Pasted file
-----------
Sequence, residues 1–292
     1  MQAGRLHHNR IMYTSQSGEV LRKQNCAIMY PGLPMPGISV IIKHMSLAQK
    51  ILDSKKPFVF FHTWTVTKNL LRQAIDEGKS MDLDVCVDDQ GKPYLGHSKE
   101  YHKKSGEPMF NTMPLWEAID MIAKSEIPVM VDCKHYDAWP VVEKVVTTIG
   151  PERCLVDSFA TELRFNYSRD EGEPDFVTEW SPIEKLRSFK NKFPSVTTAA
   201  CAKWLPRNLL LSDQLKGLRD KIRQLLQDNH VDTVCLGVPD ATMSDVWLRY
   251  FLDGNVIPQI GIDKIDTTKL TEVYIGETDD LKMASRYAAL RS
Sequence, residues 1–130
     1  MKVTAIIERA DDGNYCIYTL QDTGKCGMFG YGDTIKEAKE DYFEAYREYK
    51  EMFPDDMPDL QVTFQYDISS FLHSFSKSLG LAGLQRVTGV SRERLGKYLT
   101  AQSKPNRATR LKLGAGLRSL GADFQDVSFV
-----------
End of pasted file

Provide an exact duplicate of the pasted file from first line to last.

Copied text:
Sequence, residues 1–292
     1  MQAGRLHHNR IMYTSQSGEV LRKQNCAIMY PGLPMPGISV IIKHMSLAQK
    51  ILDSKKPFVF FHTWTVTKNL LRQAIDEGKS MDLDVCVDDQ GKPYLGHSKE
   101  YHKKSGEPMF NTMPLWEAID MIAKSEIPVM VDCKHYDAWP VVEKVVTTIG
   151  PERCLVDSFA TELRFNYSRD EGEPDFVTEW SPIEKLRSFK NKFPSVTTAA
   201  CAKWLPRNLL LSDQLKGLRD KIRQLLQDNH VDTVCLGVPD ATMSDVWLRY
   251  FLDGNVIPQI GIDKIDTTKL TEVYIGETDD LKMASRYAAL RS
Sequence, residues 1–130
     1  MKVTAIIERA DDGNYCIYTL QDTGKCGMFG YGDTIKEAKE DYFEAYREYK
    51  EMFPDDMPDL QVTFQYDISS FLHSFSKSLG LAGLQRVTGV SRERLGKYLT
   101  AQSKPNRATR LKLGAGLRSL GADFQDVSFV